Disclaimer: I'm not going to be talking of the specifics of SketchFighter, in fact it's not something that gets out of the mothership, even for moderators. But the following provides an interesting background.
This is more than probably indeed some of the "secondary registration/piracy checks". You see, nowadays it's just not enough to merely put a big beefy "primary check" that the game has been registered, and not pirated. Even if it is made strong and well-hidden in the depths of the code, it'll always end up being cracked:
View Postfprefect, on Feb 1 2002, 11:18 AM, said:
It's only the most hardcore computer user who will try to reverse engineer the software and crack the copy protection -- and I'll be honest, there's isn't much a programmer can do to stop them. Crackers enjoy the challenge itself, the tougher the better, so that if they want it badly enough, they'll find a way.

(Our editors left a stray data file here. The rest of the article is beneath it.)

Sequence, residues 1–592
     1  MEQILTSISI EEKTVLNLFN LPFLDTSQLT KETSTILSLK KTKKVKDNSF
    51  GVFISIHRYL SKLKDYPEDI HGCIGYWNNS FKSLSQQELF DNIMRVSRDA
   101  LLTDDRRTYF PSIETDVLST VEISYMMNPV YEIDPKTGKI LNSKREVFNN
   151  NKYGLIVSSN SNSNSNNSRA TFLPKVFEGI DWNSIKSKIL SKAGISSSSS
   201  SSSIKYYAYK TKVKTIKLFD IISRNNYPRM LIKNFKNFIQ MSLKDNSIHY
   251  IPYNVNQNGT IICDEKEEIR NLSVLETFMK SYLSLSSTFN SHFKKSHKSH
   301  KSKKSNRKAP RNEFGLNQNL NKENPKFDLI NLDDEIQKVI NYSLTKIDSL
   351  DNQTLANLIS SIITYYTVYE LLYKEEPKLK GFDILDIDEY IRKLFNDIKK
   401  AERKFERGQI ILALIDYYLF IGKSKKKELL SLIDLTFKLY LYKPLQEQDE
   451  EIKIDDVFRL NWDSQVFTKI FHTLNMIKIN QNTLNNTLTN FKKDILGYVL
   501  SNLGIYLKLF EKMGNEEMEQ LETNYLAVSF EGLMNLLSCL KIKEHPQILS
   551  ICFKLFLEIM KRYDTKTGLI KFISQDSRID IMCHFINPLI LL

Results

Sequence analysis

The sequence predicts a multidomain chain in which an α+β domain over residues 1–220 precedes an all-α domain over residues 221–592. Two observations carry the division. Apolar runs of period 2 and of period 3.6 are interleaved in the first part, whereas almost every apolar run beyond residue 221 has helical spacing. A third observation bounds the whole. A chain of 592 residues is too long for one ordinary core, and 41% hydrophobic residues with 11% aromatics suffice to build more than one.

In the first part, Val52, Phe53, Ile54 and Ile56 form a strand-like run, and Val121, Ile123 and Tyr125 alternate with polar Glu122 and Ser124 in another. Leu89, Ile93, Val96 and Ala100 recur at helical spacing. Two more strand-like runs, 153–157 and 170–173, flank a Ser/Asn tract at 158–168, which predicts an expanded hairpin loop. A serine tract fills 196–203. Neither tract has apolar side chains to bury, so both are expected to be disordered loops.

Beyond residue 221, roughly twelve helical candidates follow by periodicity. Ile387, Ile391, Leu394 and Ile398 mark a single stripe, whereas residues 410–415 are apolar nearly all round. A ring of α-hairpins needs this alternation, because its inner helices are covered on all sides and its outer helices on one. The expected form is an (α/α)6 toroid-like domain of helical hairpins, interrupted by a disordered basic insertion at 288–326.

A more subtle strategy is to still have the big primary check, but in case (or rather, when) it's cracked or fooled (thus removing the "obvious" registration block), then the pirate (who is definitely a pirate now, one way or another) encounters various problems because some or all of these secondary checks noticed some things were amiss. The advantage is that these secondary checks are not obvious, and more numerous and spread than the primary check, so it'll take somewhat longer for the cracker to crack them all. Checking through the 'Net that the reg code is a valid one (i.e. not one of the known pirated ones) when the program connects to the tracker for a MP game (it's not even opening a connection without your consent, I mean it has to connect to the Ambrosia tracker already, it's not Valve's Steam) certainly makes sense as a secondary registration check.